Top 10 Espresso Machines
In 2002, when I was a student at Michigan State University, I was struggling to keep my eyes open during my Philosophy of Politics class. It was long, in the afternoon, and brutally boring. I had zero experience with coffee, but I thought I’d stop into Espresso Royale, a local coffee shop, for their advice on what I should do. Barron, a white dude with dreadlocks down to his butt, hooked me up with a quadruple-shot espresso. What followed was a blur, but needless to say, I stayed awake.
I was also hooked. I was shelling out tens of dollars a week to get my fix, always chasing that initial high. Eventually, my girlfriend bought me an espresso machine for my birthday. Since then, the best espresso machines have played an integral part in my life. I can go longer without food, water, love, shelter, breathing, and the Internet than I can go without espresso. Here’s what to look for in a great espresso maker.
Types of Espresso Machines
There are essentially four types of espresso machines:
The amount and delivery of the water in the espresso making process is all automated with a fully automatic espresso machine. This is great if you are not a control freak and are down to spend hundreds of dollars on quality espresso. Another pitfall is that there are more parts prone to breaking since more of the product is automated.
Control freaks rejoice! Manual espresso machines let you do everything. There is a high learning curve, and these machines tend to get pricey. But, manual machines are ideal for pretentious hipsters and baristas. I’m not a big fan and did not include any of these types of makers on my list.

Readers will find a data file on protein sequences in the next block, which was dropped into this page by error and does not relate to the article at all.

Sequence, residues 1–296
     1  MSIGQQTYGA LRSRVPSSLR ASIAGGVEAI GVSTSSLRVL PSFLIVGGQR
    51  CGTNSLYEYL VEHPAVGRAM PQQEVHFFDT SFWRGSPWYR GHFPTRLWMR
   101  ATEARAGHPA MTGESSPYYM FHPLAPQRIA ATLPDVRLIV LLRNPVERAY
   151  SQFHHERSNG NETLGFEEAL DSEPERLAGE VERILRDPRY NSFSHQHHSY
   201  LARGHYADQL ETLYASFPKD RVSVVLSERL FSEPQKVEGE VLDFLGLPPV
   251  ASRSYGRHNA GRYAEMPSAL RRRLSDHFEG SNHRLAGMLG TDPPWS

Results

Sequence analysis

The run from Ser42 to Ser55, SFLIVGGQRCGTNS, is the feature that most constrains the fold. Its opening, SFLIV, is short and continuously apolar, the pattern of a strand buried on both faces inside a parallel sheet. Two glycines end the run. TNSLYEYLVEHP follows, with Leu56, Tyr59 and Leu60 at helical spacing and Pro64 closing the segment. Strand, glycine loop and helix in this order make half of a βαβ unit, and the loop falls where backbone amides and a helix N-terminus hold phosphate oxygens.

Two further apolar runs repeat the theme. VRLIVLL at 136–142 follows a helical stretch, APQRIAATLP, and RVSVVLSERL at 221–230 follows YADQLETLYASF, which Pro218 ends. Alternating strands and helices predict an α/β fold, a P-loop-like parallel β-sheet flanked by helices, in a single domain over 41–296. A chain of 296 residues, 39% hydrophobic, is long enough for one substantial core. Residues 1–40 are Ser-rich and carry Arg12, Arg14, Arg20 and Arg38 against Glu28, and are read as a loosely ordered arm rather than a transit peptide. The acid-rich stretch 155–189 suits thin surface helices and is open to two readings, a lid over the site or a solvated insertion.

Also referred to as “super automatic espresso machines,” these espresso makers do everything for you, including cleaning your kitchen after your macchiato is done. Of course, when you get cool features like built-in grinders and programmable settings, it comes at a cost.
To me, this is the porridge that Goldilocks ate. It gives you a great balance of control without being too hard for a bonehead like me to figure out. Plus, there are models to fit all pricing points. You basically just fill the water reservoir, turn on the machine to heat up the elements, then allow it to perform its espresso voodoo once it is ready to go. Easy peasy.
What to Look for in an Espresso Machine
To support my addiction, I have bought a number of espresso machines for home and the office. Here is what I look for:
- Cost – No matter how much I love espresso, I simply cannot afford one of those Nuova Simonelli commercial-grade rigs. Have a budget going in (I recommend at least $100) and don’t get carried away unless you are reading this from your own private island.
- Easy to Use – If you are currently or were at one time a barista, you might enjoy a more complicated machine. For the rest of us, the easier and more automated the appliance is, the better. If you want straight espresso, most machines are easy to use. When you want cappuccinos, there is quite a bit more variance.
- Durability – Are you like me? Of course, you are. You drink six shots of espresso every day without fail. Therefore, you need a rig that can keep up with your addictive lifestyle. You can get an idea of which are durable by reading espresso machine reviews. Or, if you don’t want to take my word for it, get one that has a nice long warranty.